Aquilegia canadensis, Wild Columbine

Ilona Erwin

Aquilegia canadensis

Aquilegia canadensis

Aquilegia canadensis, Wild Columbine is a woodland plant of springtime. It blooms mid to late spring in my garden. It grows in partly shady, partly sunny openings and waves in the brisk breezes. Native to the U.S. and Eastern Canada, this columbine grows in rocky ledges and slopes, and low woods. Also known as “Eastern Red Columbine”. USDA Distribution Map.

[ The Look ]

Aquilegia canadensis is one of those plants that seem filled with grace and charm, something belonging to fairy scenes in the open woodland. The base of leaves are like large maidenfern, with tall wirey stems holding aloft single spurred flowers. The spurs are a translucent coral blending into the yellow petals and anthers, a very attractive corolla [the whorl of petals] of red-orange framing yellow.

What sets this type of columbine off from the cultivated varieties is the length of the spurs, and the relatively small spectrum of color. It is a much more dainty and refined appearance, the merry maids of the deep woods you might call them.

The plant grows to 1-3 feet tall.

The leaves are beautiful until the leafminer hits, and even then they are pretty for the duration of bloomtime. They often have a bluish green look to them.

Flowers early, reported in February for some, although it is usually later in March for me. Blooms for a fairly long period.


abundant columbines

[ To Grow ]

Hardy to USDA Zone 2-8, best in Part Sun to Part Shade, this is a cold climate plant. Likes moisture, but needs good drainage. Propagate through seed. Mine lightly seeds itself in its general area, but does not spread widely, and the individual plants themselves do not seem long lived (maybe several years). Columbines appreciate soils with organic matter, and thrive in a woodsy soil, but are not picky. Alkaline to neutral soils suit best.[1]

Seeds need light to germinate. Once you have a stand of them, try scratching in seeds into other parts of the garden… who knows if they might like that area and grow into a nice stand of spring beauties?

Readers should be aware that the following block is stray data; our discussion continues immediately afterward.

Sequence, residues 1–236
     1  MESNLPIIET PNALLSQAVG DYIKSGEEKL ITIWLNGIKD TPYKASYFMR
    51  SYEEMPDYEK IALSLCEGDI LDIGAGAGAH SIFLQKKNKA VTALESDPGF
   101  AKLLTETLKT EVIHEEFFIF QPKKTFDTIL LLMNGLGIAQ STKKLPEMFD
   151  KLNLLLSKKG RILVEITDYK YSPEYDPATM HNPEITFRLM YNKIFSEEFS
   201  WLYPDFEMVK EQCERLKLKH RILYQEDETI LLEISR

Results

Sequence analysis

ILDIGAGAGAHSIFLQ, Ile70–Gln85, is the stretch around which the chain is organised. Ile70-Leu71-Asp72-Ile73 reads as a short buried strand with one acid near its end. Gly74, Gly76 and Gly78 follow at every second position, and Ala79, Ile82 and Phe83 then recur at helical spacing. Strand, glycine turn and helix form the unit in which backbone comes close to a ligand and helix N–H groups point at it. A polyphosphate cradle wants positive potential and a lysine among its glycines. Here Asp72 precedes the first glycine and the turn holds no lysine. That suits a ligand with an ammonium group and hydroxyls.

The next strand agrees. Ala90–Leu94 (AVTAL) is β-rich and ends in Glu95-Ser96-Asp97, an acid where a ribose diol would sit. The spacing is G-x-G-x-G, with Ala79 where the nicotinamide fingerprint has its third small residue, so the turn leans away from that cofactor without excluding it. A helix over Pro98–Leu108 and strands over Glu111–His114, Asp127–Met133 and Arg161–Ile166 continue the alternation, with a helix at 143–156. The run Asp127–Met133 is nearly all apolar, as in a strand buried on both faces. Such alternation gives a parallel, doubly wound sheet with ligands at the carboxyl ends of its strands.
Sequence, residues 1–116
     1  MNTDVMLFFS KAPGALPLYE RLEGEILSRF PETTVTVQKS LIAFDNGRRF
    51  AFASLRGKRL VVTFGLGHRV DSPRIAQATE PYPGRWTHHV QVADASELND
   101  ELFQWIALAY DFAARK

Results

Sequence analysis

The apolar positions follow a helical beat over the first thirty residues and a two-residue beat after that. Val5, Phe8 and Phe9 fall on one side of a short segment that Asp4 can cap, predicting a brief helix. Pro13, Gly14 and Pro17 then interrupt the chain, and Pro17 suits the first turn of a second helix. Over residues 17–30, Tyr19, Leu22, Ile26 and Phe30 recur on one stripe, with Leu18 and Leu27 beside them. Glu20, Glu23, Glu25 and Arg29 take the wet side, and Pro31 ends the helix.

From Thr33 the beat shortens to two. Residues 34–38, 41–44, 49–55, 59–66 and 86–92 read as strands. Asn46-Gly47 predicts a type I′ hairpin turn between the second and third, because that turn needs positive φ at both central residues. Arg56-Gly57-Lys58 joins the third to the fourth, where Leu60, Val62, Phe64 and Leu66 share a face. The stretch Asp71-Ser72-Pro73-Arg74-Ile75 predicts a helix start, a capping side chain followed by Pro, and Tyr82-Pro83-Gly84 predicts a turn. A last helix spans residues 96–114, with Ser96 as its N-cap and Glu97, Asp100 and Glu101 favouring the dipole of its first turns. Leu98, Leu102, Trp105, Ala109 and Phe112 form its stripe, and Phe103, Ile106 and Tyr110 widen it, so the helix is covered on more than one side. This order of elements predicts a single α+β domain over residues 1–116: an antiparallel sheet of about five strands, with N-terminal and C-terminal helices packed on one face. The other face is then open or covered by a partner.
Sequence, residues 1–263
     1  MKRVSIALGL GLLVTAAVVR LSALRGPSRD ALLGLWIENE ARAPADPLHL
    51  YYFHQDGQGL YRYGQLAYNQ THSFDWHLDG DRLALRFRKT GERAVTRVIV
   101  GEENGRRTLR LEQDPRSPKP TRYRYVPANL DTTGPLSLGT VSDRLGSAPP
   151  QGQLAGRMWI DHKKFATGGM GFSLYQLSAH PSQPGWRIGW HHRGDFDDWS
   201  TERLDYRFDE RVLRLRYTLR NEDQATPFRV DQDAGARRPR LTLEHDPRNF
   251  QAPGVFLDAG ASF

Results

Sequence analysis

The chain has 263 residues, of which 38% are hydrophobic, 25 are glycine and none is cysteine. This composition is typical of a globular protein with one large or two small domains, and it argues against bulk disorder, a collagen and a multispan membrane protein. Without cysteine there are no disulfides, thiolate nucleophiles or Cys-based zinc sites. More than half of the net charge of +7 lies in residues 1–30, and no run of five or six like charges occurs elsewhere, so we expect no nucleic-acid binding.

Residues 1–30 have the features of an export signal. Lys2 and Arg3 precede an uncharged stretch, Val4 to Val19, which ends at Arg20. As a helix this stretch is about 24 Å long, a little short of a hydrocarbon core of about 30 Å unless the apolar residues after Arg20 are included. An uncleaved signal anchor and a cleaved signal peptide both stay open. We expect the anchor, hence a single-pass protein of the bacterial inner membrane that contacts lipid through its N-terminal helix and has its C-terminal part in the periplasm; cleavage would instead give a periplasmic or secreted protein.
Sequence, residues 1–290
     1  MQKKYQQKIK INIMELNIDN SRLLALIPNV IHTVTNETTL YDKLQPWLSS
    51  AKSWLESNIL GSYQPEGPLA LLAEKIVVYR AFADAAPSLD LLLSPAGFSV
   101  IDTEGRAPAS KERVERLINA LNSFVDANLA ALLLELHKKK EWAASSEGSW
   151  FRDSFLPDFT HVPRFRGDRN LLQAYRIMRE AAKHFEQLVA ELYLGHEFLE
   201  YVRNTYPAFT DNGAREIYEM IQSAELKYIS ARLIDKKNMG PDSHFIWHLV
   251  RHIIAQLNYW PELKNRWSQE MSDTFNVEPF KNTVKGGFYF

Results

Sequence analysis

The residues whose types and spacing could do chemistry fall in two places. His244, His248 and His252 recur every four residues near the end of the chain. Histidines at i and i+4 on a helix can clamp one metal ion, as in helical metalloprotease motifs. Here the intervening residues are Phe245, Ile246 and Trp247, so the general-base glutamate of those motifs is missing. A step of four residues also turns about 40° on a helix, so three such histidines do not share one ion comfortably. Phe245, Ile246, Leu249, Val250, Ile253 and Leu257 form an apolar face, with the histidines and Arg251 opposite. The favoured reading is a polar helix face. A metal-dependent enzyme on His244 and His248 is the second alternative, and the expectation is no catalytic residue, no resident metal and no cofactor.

In my own garden it is scattered among the English ivy, under a large Maple tree, which shows that this is a plant which can hold its own with those partners. Shaded and to the dry side, a small stand of Wild Columbine lends grace with its glowing colors of oriental lanterns, orange and pale yellow.

Leafminer is the main pest, and you can’t seem to avoid them. They riddle the leaves with white tracks. If the plants start to look shabby, just cut bat and they will re-sprout new growth. Keep the plant moist for best appearance.

[ Garden Guide ]

  • Good choice for bee gardens, or hummingbird garden.
  • Under pines
  • Woodland and rock gardens
  • Dry Shade areas

Grow with:

[ Fun Facts ]

Received its Latin name from the talon-like spurs. Bumblebees and the Ruby-Throated Hummingbird like the flowers. Being in the buttercup family, the leaves are toxic.

Supports Columbine Duskywing Butterfly.

Scientific classification facts, from Earl J.S. Rook’s site:

Kingdom Plantae, the Plants

* Division Magnoliophyta, the Angiosperms (flowering plants)
o Class Magnoliopsida, the Dicotyledons
o Subclass Magnoliidae
+ Order Ranunculales, the Buttercups
# Family Ranunculaceae, the Buttercups, with Anemone, Clematis, Coptis (Gold Thread), Delphinium (Larkspurs), Hepatica, Ranunculus (Buttercups), and Thalictrum (Meadow Rues).
* Genus Aquilegia, the Columbines

Wild Columbines are most suited for wild gardens, and naturalistic shady ones.

Classification info
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Ilona Erwin, author

Meet the Author

Ilona Erwin

I started working on this website beginning in 1998, when it was part of Ilona's Reflecting Pool. Since then I've branched out into a number of online endeavors and work at writing lots of content for my sites. "Ilona's Garden" remains my primary site and is dedicated to home gardener's success.